Tuesday, February 26, 2008

Light a Candle for Iansã

"Evani, I think you'd better light a candle for Iansã."

Iansã is the goddess of lightning. We just had, actually are still having, a crazy wind storm pass through. We don't get hurricanes or snow or tornadoes here in Salvador, but when it gets really windy or rainy, it can get scary.

We have reason to be scared. Two days before our wedding, we had a wind storm come through that lifted the roof right off of the air shaft that sits in the middle of our house. Not only the roof, but the two huge beams of massaranduba that support it as well. Massaranduba is a wood so dense that it won't float, and termites won't eat it, which makes for great building material here in the tropics. The wind lifted up two beams and the translucent tiles nailed to them and threw them over onto another section of roof, where it punched a couple big holes. Luckily for us, that storm was entirely wind and not a drop of rain or we would have been in real trouble. I had my father and three of my brothers here, and they all helped out to shore up the thing. Now those beams are held in place with big steel anchors cemented into the walls. If they weren't, they would certainly have flown again tonight.



Evani warned me that it was going to rain, and as I was sitting here working I was getting nice gusts of wind which I usually don't. Then the wind started for real and we could see out the window a nasty black storm approaching, with lots of lightning but no thunder. I jumped into action, grabbing towels and sticking them under the windows. I brought in the ladder so I'd have access to the attic in case the 'bica' overflowed. I took the rug out of the living room so it wouldn't get wet in case it flooded in there. We moved Lucas downstairs, sleeping soundly, because I get nervous about other people's roofs flying around as well- that happened to us once as well, and we had more punctures in our massive roof tiles. I unplugged everything.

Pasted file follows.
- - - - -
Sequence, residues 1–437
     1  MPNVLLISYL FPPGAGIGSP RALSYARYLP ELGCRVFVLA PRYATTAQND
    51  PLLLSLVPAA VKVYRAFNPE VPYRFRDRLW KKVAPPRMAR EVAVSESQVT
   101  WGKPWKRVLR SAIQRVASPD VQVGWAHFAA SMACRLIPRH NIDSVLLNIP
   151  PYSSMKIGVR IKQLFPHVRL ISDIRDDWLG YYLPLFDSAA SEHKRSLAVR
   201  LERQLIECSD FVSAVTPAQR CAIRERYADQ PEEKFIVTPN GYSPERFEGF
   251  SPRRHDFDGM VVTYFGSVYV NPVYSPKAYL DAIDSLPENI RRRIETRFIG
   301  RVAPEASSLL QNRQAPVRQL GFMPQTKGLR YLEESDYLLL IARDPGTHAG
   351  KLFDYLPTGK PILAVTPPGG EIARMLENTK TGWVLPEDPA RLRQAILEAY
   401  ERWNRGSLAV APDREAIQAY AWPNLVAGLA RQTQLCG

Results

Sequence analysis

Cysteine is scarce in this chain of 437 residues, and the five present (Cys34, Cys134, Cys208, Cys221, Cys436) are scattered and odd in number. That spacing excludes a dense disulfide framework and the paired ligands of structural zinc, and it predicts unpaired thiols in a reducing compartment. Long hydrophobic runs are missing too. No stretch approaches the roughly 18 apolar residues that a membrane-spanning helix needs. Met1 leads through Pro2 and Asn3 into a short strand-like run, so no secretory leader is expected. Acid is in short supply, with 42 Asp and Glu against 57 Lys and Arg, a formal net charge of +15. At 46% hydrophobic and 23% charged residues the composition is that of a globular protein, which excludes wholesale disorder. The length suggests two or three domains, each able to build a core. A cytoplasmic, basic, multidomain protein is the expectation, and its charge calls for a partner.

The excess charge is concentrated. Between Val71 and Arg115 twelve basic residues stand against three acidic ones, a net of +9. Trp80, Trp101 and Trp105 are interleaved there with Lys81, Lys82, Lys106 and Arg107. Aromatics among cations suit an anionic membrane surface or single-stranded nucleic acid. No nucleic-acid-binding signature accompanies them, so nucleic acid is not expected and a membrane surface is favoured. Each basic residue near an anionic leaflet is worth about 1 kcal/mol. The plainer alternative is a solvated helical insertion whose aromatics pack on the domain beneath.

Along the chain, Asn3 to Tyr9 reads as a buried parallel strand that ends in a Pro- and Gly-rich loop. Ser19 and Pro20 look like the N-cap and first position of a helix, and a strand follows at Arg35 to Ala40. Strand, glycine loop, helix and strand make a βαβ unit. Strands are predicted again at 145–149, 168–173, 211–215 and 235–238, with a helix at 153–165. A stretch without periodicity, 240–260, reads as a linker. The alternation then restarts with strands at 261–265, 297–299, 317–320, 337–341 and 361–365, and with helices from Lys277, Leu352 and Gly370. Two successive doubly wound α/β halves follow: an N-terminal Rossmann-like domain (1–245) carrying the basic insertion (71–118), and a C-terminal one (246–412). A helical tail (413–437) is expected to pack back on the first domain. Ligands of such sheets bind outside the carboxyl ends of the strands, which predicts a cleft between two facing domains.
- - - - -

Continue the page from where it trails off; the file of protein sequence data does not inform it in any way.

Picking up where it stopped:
And then we waited.

The wind was the worst. For about half an hour the tiles in the air shaft were making a terrible racket as they danced up and down, and every time there was a loud bang I ran up to the attic to make sure nothing had made a new hole in it. The wind blew and blew and there was some rain but it never really rained with any conviction.

Here's a video of the roof over the air shaft during the worst of the wind:
video

Thank goodness it didn't rain. When it rains here, it rains like I've never seen rain anywhere in my life. It can rain several inches in an hour. Whole hillsides can turn to jelly and slide away, taking houses with them. Roads flood. For us, it's our blessed 'bica' that's the problem. The way the house is constructed, we have a gutter that's inside the house, and the people who restored the house didn't do a real good job of making that gutter handle the kind of rain we get here. Our first Carnaval living here, we had a crazy rainstorm that caused the bica (that means gutter) to overflow and man did it overflow. Our bedroom got soaked and so did the living room and the hall downstairs. This happened because bits of masonry had clogged the down pipe and the whole thing backed up. I had the bright idea to stick rolls of chicken wire in there that keep this kind of detritus from causing problems, but when it rains really hard, like it did about a week ago, the bica just fills up and overflows anyways. This was my primary concern tonight.

But we got lucky this time. Shortly after I told Evani I thought she should light the candle, the wind started to die down. We had another short burst, but now it seems to have stopped completely. We can relax again, until the next time.

No comments: